So, what types of plants are deer resistant? Some good shrub choices are: Holly, Barberry, Spirea, Boxwood, and Lilac. For the herb and vegetable garden try: onions, garlic, sage, tarragon, lavender, mint, and rosemary. Deer-resistant flowering plants include: Peony, Marigolds, Forget-me-not, Bee Balm, and Iris. Ornamental grasses in general are not a favorite of deer, but within that category try planting Blue Fescue, Golden Hakone grass, or a Black Mondo grass

As for that elusive deer-proof plant — there is no single plant that is guaranteed to be completely “deer proof!” As Dr. James Klett, Professor of Horticulture and Landscape Architecture at Colorado State University states, “Deer — if they’re hungry enough — are going to eat anything. If there is a completely deer-resistant plant out there, I don’t know what it is.”

If you think in terms of which plants deer do and don’t prefer, you can begin to plan your garden with a bit more foresight and strategy. Since deer tend to be skittish about coming in close to a living area & would rather remain near the safety of the forest, try planting your deer-favorite plants (like tulips and roses) close to the house. Also, planting less-preferred plants in a protective ring around those that are more desirable can be an effective strategy.

Try planting confusing combinations of plants. “I was sure there were daylilies in there somewhere”, Bambi complains, “but all I could smell was garlic!

Another deer-repelling strategy you can try is to “foul the fringes” — that is, line the perimeter of your property with unpalatable plants. Strategically placed hedges or thorny shrubs can serve as a natural way to redirect the deer and discourage lingering to feed on more attractive plants nearer to your home. Clever!

Deer don’t go past anything they can’t see through or over. You can make that work in your favor. Use solid hedges of pungent junipers or form trellises with fragrant morning glories. If deer can’t see what’s inside, they’re less likely to take that leap of faith onto your property.

Try working with their favorite plants combined with their desire to stay near the safety of their forest home. Plant things they DO like well away from your garden. A feast of their favorite flowers (delphinium, phlox, hosta and pansy) may have them nibbling, then heading safely back into the forest. It can be your sacrificial garden. The idea is to leave them thinking, “Why brave the garden close to the house, when the good stuff is planted all the way out here?

Keep in mind that deer are like people, and what deters one won’t always deter another, but trying several of these strategies can help. With a little careful planning, and a few tricks here and there, it may be possible for your garden to coexist peacefully with these beautiful creatures!

Above and Beyond: Best Annuals for High-Altitude Gardening

Mountain gardeners know that everything is a little bit different up high: light level, flower colors, rate of growth, and additional challenges with overwintering all make mountain gardening an adventure.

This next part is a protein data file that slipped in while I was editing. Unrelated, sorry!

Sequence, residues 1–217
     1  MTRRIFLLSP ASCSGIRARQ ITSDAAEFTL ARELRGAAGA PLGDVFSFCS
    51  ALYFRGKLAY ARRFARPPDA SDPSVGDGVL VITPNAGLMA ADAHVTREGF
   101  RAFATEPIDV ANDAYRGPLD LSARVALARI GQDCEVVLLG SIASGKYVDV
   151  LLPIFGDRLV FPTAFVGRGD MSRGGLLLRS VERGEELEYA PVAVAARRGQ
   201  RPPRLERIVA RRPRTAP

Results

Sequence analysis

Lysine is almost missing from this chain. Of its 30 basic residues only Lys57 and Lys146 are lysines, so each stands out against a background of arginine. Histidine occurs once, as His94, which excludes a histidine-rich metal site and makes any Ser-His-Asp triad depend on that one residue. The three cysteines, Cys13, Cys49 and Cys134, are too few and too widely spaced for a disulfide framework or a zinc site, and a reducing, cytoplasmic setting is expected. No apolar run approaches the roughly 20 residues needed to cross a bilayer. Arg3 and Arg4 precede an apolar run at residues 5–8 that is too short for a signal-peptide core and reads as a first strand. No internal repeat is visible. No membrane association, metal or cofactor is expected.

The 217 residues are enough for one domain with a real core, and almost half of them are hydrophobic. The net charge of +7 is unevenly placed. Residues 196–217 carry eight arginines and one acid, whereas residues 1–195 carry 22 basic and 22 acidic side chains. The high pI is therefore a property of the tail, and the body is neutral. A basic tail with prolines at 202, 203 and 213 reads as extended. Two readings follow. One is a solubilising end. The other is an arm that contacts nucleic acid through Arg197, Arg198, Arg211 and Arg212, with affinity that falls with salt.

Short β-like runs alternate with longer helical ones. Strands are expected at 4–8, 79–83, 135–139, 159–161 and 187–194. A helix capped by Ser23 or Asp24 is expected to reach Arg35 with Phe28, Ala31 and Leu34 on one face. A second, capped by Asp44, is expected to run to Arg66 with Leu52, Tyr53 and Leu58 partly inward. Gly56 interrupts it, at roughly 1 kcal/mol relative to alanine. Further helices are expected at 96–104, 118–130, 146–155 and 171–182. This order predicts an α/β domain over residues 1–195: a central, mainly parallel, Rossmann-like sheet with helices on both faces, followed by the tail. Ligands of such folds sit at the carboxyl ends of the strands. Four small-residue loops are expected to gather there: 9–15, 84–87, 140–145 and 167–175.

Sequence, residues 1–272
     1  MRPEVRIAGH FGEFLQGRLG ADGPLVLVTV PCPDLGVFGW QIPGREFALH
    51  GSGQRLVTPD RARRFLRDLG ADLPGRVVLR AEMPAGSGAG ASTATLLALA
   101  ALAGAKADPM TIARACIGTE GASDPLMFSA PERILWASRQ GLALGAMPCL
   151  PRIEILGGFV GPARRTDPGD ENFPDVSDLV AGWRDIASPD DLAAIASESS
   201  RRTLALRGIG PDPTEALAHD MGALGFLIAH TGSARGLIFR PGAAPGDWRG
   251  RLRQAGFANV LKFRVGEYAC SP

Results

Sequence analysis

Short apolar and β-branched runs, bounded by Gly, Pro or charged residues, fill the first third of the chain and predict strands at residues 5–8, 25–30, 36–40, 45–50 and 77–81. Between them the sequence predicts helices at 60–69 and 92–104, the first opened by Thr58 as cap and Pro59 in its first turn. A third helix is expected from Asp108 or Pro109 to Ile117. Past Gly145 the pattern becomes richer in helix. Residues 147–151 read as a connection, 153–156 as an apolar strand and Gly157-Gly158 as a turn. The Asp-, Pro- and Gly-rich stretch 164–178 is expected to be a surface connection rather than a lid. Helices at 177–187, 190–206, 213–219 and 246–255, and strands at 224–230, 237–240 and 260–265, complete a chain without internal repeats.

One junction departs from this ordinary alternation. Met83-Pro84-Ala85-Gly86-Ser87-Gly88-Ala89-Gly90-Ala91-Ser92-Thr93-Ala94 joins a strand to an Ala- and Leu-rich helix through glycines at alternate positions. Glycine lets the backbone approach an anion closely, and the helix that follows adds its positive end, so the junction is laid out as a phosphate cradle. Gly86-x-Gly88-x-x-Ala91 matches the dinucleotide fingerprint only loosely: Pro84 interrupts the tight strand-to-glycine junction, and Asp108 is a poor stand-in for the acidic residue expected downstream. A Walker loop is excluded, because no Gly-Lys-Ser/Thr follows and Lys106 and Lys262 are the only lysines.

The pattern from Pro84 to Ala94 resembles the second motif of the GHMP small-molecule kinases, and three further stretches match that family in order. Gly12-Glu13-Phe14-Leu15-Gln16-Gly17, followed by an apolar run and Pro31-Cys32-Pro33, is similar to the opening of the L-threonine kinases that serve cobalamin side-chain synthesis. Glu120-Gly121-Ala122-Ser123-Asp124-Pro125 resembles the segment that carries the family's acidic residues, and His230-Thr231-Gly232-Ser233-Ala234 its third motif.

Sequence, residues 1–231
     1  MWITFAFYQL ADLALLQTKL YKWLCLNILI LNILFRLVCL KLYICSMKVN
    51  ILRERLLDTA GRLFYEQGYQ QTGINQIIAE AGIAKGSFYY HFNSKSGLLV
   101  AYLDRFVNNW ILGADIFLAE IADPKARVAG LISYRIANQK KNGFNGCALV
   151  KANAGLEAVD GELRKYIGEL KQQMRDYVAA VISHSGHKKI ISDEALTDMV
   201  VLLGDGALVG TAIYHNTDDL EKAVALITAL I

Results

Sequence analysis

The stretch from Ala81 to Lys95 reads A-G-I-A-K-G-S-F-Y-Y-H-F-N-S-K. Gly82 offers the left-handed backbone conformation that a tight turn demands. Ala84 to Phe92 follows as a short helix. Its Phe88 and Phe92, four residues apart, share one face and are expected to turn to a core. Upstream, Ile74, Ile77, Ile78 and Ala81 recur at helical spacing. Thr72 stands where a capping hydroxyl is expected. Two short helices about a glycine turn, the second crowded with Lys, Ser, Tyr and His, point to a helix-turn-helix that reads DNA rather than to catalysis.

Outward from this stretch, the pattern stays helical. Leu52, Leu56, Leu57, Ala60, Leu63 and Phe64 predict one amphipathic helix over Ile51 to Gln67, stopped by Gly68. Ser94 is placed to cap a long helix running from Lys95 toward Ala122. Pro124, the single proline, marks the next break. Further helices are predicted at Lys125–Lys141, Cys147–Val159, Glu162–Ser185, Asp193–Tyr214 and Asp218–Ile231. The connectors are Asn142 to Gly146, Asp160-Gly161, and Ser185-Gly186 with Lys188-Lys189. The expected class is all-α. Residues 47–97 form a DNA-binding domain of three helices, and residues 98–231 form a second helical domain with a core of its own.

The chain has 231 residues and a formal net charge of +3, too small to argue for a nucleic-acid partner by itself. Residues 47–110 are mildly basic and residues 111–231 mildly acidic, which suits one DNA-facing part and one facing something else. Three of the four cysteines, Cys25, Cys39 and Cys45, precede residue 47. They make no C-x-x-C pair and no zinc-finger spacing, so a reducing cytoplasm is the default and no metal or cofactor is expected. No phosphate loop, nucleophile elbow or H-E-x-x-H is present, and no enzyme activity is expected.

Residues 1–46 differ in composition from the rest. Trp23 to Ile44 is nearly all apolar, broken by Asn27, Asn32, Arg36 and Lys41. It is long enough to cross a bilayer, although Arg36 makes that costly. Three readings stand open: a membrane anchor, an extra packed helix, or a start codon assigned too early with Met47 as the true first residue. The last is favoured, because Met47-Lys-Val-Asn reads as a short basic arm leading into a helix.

Selecting annuals that will tolerate cooler evening temperatures can help to extend that short gardening season and keep the color rolling all summer long. In order to choose wisely, it’s important to know which annuals are very-hardy, hardy, half-hardy, and tender.

You will also need to know your hardiness zone. Here at Echter’s, our lowest evening temps are between -20 and -10, which puts us in Zone 5. Evening temperatures from -30 to -20 are Zone 4, and if you are way, way up, you might be Zone 3 (-40 to -30).

Very-Hardy annuals are unfazed by early frosts and night temperatures of 25 degrees. These plants will continue to grow at the same rate in cool weather and they will flower on their normal schedule. These are the first annuals you will see out on the benches here at Echter’s.

Very-hardy annual plants include:
• Alyssum
• Pansies
• Snapdragons
• Dusty Miller
• Ornamental Cabbage/Kale

Hardy annuals can take night temperatures of 28 degrees, but may experience slower growth and flowering. In the big picture, that’s not a problem — just a delay. Waiting a week or two to plant this group will prevent freezing and let them get started.

Hardy annuals include…
• Bacopa
• Calendula
• Carnation
• Lobelia
• Nemesia
• Osteospermum

Half-Hardy annuals can tolerate cool temperatures and cool soil, but are damaged by frost. They require a longer period of growth, so they should be started indoors 4-8 weeks before the last frost date to give them extra time to mature before being planted outside.  They can tolerate periods of cold damp weather, but are frost tender and shouldn’t be transplanted until all danger of frost has passed.

Half-Hardy annuals include…..
• Angelonia
• Calibrachoa
• California Poppy
• Cosmos
• Datura
• Dichondra
• Gazania
• Gerbera
• Gomphrena
• Lotus Vine

Tender annuals are native to tropical regions, are very sensitive to cold soil temperatures, and are easily damaged by frost. In the Denver Metro area, tender annuals would be planted around Mother’s Day, but at higher elevations they should be planted after all danger of frost has passed in your particular zone. This may be well into June!

Annuals that are started indoors or purchased from greenhouses are considered tender and should be “hardened” or acclimated to outdoor growing conditions before transplanting them into the garden. To do this, place plants in a shady protected site, then gradually expose them to longer periods of direct sun.

Tender annuals include:
• Begonia
• Coleus,
• Impatiens
• Marigold
• Nasturtium
• Nicotiana
• Verbena

Having a beautiful garden in the mountains IS possible! With a little knowledge (know your zone!), planning, and careful plant selection, you can have the high-country garden of your dreams!